So, I have no research studies on this at all…this is from my own experience and observations in working with families who have had extremely shy and almost fearful children. I am not really talking about children who are more inward; all of us are on the continuum of extrovert to introvert if we look at personality. I am thinking hear of children who are rather socially anxious, fearful a bit… Many of these children whom I have observed were only truly comfortable with their mothers and no one else. Many of these children were first-born children, but not all of them, and many of them were girls, but again, not all of them. This is my special small population sample.
This is how I have personally observed this type of child’s progress into the world outside of his or her mother:
- The shy child learns to trust his or her father. This seems like a no-brainer, but in some cases these children really seemed to reject their fathers and other adults. Only mother would do.
- The child learns to trust other significant adults whom they see on a frequent basis (extended family or close family friends) and a few children in one- to- one play settings where things are structured by the adults. Usually the play setting is at the home of the child, or in a park or other neutral setting.
- The child tries to enter a group play situation with mother right there by their side; they may only really play with one child the whole time
- The child enters a group situation with mother there but further away; may need mother to come and be by them at different points; they may only play with one child the whole time
- The child enters one- to one play setting at the home of someone they trust without mother present for one- on -one play settings; playing with a group of children at someone else’s home may be overwhelming without mother there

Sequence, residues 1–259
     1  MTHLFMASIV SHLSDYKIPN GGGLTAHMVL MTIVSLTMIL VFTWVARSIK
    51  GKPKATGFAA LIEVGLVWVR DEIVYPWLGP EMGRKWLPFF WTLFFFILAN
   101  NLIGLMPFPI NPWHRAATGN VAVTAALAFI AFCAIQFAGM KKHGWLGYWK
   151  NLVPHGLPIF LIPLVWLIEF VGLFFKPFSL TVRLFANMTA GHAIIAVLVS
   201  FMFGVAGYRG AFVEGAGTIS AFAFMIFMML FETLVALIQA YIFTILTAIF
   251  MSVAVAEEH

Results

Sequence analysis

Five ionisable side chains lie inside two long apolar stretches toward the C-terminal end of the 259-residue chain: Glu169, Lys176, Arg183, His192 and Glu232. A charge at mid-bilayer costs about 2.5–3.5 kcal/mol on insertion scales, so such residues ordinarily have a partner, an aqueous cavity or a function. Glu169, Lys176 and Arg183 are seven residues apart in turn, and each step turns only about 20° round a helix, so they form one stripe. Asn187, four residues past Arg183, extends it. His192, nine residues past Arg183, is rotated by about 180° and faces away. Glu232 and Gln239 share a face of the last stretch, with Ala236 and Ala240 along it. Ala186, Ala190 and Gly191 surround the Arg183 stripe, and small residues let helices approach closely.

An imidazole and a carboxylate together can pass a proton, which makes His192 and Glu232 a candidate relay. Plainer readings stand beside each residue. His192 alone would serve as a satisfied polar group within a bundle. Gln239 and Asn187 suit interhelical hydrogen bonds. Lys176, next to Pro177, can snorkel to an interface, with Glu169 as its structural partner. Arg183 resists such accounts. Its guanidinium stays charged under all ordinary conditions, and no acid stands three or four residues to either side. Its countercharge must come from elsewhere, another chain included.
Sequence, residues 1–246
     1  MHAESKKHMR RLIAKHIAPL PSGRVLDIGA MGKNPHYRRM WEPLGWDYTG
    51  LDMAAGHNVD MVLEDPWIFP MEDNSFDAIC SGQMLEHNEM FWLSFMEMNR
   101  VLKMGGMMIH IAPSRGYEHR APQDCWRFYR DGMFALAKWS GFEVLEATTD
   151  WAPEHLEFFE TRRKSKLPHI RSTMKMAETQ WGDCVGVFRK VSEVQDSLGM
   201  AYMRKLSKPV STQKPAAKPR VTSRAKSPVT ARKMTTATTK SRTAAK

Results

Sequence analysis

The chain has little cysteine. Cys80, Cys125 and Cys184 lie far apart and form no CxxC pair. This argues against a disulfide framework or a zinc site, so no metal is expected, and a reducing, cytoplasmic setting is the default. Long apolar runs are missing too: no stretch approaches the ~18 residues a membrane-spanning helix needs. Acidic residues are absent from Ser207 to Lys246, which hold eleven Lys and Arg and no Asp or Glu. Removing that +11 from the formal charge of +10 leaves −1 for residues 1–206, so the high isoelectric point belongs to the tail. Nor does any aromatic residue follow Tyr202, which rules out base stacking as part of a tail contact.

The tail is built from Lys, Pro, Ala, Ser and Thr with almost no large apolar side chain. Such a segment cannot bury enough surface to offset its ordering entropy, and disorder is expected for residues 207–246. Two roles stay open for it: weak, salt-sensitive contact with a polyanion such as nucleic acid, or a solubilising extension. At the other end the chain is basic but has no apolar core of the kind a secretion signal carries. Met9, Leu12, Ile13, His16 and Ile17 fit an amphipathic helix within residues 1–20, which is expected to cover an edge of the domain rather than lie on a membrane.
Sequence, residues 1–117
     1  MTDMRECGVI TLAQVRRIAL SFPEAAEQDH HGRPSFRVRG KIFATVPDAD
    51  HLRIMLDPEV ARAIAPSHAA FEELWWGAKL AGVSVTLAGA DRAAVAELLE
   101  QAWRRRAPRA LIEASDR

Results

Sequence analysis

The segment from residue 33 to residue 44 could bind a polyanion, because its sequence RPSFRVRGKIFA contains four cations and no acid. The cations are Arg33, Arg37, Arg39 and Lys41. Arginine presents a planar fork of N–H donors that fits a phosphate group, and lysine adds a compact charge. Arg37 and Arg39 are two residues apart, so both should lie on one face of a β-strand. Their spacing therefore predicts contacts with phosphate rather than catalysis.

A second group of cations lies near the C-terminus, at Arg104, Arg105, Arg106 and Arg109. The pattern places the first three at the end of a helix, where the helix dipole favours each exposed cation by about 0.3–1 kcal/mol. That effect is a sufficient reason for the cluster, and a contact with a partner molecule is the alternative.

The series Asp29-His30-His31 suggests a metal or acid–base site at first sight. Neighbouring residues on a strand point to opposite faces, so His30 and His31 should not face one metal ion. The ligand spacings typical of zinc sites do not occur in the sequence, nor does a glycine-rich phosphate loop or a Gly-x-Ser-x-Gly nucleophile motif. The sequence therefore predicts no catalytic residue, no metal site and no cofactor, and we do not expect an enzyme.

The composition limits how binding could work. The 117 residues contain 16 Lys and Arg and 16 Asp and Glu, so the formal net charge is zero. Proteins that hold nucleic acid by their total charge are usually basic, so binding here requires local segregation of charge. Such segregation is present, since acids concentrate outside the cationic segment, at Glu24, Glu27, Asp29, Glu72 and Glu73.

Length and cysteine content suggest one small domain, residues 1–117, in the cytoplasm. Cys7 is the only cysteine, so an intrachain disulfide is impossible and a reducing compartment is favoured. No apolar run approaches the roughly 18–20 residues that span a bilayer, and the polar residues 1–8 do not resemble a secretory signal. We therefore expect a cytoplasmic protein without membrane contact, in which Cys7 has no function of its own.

- The child begins to learn how to balance playing with two children in a play setting, usually at their own home or in a natural setting.
- The child learns to trust other adults in highly structured settings – like in a class, etc. and can function in a group held such as this
- The child can play freely in a group, at first with only one or two in the group and then progressing into being able to weave in and out of play with many children in the group.
- The child can speak to adults cordially whilst looking them in the eye
- The child learns how to freely stand up for themselves in one on one play situations and in group situations and comes into more complex social interaction.
I think one thing in dealing when a child is facing this type of challenge is NOT to push the child, to have great respect for where the child is, but to provide opportunities that you feel will be helpful and beneficial. It will not always go smoothly, so the more you can be calm about it, ho-hum, and involve adults who can also be ho-hum, the better. I feel it is also important for the mother to continually express in different ways that the world is a good place, a safe place, and that other adults can also meet their child’s needs. It helps to have children whom the child loves and admires to also be modeling this within the context of community. Many of the children marked as shy and socially fearful really open up around the ages of six/seven or at the nine year change, if they have opportunity to try within a safe community. I would expect three and four and even five year olds to be a bit on the shier side socially unless they have had a lot of experience with other children. I always try to keep in mind that children in the Waldorf Schools used to start Kindergarten around the age of four and a half or five, so of course children these ages are just learning, but it is the age when many children are truly interested in having a friend or two.
Again, these are just my observations and perhaps some of you have different observations to share. If you yourself had a child that really was only comfortable with mother and has now progressed beyond that, I would love to hear what you thought the progression was and what helped your child learn to enter the larger community around them.